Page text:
don’t always stay in the kidney. Sometimes, they pass from the kidney into the
ureters. Ureters are small and delicate, and the stones may be too large to
pass smoothly down the ureter to the bladder. Passage of stones down the ureter
can cause spasms and irritation of the ureters as they pass, which causes blood
to appear in the urine.
stones block the flow of urine. This is called a urinary obstruction. Urinary
obstructions can lead to kidney infection (pyelonephritis) and kidney damage.
Testing for and Diagnosing Kidney Stones
of kidney stones requires a complete health history assessment and a physical
exam. Other tests include:
- blood tests for calcium, phosphorus, uric acid,
- blood urea nitrogen (BUN) and creatinine to
assess kidney functioning
- urinalysis to check for crystals, bacteria,
blood, and white cells
- examination of passed stones to determine type
following tests can rule out obstruction:
- abdominal X-rays
- intravenous pyelogram (IVP)
- retrograde pyelogram
- ultrasound of the kidney (this is the preferred
- MRI of the abdomen and kidneys
- abdominal CT scan
How Kidney Stones Are Treated
is tailored according to the type of stone. Urine can be strained and stones
collected for evaluation. Drinking six to eight glasses of water a day
increases urine flow. People who are dehydrated or have severe nausea and
vomiting may need intravenous fluids.
treatment options include:
relief may require narcotic medications. The presence of infection requires
treatment with antibiotics. Other medications include:
- allopurinol for uric acid stones
- sodium bicarbonate or sodium citrate
- phosphorus solutions
shock wave lithotripsy uses sound waves to break up large stones so they can
more easily pass down the ureters into your bladder. This procedure can be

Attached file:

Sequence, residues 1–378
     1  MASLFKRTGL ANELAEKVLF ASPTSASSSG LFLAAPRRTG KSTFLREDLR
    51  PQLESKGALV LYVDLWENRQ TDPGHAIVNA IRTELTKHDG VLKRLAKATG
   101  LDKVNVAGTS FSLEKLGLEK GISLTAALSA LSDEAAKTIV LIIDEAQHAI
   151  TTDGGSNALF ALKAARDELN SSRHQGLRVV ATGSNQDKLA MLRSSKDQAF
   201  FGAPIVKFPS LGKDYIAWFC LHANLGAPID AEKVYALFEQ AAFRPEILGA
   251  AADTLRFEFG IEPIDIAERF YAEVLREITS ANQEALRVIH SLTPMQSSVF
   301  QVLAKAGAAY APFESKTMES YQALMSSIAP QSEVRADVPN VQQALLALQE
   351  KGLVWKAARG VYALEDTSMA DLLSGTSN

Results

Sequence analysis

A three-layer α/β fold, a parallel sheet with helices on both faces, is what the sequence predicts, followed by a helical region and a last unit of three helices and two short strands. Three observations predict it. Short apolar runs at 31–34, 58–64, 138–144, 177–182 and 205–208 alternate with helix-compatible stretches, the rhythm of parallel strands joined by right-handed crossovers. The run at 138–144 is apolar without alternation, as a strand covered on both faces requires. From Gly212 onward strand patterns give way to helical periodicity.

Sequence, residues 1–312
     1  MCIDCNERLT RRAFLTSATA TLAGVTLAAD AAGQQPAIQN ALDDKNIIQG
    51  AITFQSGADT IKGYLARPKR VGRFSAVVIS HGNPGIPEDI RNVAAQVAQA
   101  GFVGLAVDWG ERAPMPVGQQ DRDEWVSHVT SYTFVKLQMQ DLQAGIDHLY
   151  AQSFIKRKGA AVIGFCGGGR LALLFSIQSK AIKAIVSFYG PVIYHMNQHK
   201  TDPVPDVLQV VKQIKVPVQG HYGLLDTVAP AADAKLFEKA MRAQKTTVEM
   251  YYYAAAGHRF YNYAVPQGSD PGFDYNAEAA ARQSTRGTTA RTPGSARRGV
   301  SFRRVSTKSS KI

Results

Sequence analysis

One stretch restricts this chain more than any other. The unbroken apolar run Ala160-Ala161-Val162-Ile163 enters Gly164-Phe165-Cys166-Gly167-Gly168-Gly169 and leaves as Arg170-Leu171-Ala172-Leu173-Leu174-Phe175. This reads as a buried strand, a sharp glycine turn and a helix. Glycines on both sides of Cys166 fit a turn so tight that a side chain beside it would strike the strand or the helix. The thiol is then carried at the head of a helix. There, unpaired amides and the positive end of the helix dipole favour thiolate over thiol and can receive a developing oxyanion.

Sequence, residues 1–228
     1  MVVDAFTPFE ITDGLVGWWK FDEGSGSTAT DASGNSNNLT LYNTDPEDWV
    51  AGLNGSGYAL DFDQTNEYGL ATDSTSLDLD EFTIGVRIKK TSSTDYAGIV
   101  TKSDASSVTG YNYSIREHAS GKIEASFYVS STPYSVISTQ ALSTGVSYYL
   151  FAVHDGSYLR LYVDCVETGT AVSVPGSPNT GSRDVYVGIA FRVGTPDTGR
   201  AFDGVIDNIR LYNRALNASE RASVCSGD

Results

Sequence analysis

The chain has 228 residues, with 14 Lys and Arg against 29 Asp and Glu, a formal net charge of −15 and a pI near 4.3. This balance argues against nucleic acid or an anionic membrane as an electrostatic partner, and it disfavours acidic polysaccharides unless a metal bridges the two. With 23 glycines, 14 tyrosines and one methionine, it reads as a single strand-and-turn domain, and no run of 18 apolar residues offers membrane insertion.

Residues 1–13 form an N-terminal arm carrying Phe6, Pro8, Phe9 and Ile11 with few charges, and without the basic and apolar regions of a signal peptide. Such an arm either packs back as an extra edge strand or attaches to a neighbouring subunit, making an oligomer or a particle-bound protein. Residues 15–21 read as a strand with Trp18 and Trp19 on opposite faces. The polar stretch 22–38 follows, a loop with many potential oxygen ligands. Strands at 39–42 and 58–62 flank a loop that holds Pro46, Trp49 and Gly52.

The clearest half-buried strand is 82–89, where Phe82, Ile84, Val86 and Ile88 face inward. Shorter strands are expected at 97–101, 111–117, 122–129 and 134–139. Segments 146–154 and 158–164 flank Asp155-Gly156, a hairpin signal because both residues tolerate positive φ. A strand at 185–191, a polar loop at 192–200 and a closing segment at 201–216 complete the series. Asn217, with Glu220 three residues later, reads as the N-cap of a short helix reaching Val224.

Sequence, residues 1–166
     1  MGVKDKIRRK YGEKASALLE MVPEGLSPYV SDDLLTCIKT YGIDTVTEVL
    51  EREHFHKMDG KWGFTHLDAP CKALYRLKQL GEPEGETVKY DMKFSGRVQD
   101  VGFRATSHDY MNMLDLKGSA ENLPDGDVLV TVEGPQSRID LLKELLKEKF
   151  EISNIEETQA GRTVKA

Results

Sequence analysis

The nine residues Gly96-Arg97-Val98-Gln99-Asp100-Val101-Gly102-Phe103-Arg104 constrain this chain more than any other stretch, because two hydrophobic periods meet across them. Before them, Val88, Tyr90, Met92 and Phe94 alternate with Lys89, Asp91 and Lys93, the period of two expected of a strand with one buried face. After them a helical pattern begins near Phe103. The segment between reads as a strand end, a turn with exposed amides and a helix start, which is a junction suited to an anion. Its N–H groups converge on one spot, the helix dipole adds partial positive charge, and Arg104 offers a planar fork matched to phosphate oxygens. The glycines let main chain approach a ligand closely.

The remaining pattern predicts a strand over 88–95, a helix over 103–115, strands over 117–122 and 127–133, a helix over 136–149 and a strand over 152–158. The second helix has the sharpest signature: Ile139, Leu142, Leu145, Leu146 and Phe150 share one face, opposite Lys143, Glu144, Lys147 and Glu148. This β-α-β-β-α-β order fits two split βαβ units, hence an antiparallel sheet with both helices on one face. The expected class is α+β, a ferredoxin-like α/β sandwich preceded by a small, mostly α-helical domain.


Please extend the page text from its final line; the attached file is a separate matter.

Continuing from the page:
uncomfortable and may require light anesthesia. It can cause bruising on the
abdomen and back and bleeding around the kidney and nearby organs.
Tunnel Surgery (Percutaneous Nephrolithotomy)
are removed through a small incision in your back and may be needed when:
- the stone causes obstruction and infection or is damaging
- the stone has grown too large to pass
- pain cannot be controlled
stone is stuck in the ureter or bladder, your doctor may use an instrument
called a ureteroscope to remove it. A small wire with a camera attached is
inserted into the urethra and passed into the bladder. A small cage is used to
snag the stone and remove it. The stone is then sent to the laboratory for
Kidney Stone Prevention
hydration is a key preventive measure. Johns Hopkins Medicine recommends drinking up to 12
glasses of water daily. Drinking more fluids increases
the amount of urine you pass, which helps flush the kidneys. The Mayo Clinic recommends passing 2.5 liters of urine a day. You can
substitute some glasses of water with ginger ale, lemon-lime soda, and fruit
oxalate-rich foods in moderation and reducing your intake of salt and animal
proteins can also lower your risk of kidney stones. Your doctor may prescribe
medications to help prevent the formation of calcium and uric acid stones. If
you’ve had a kidney stone, or you’re at risk for a kidney stone, speak with
your doctor and discuss the best methods of prevention.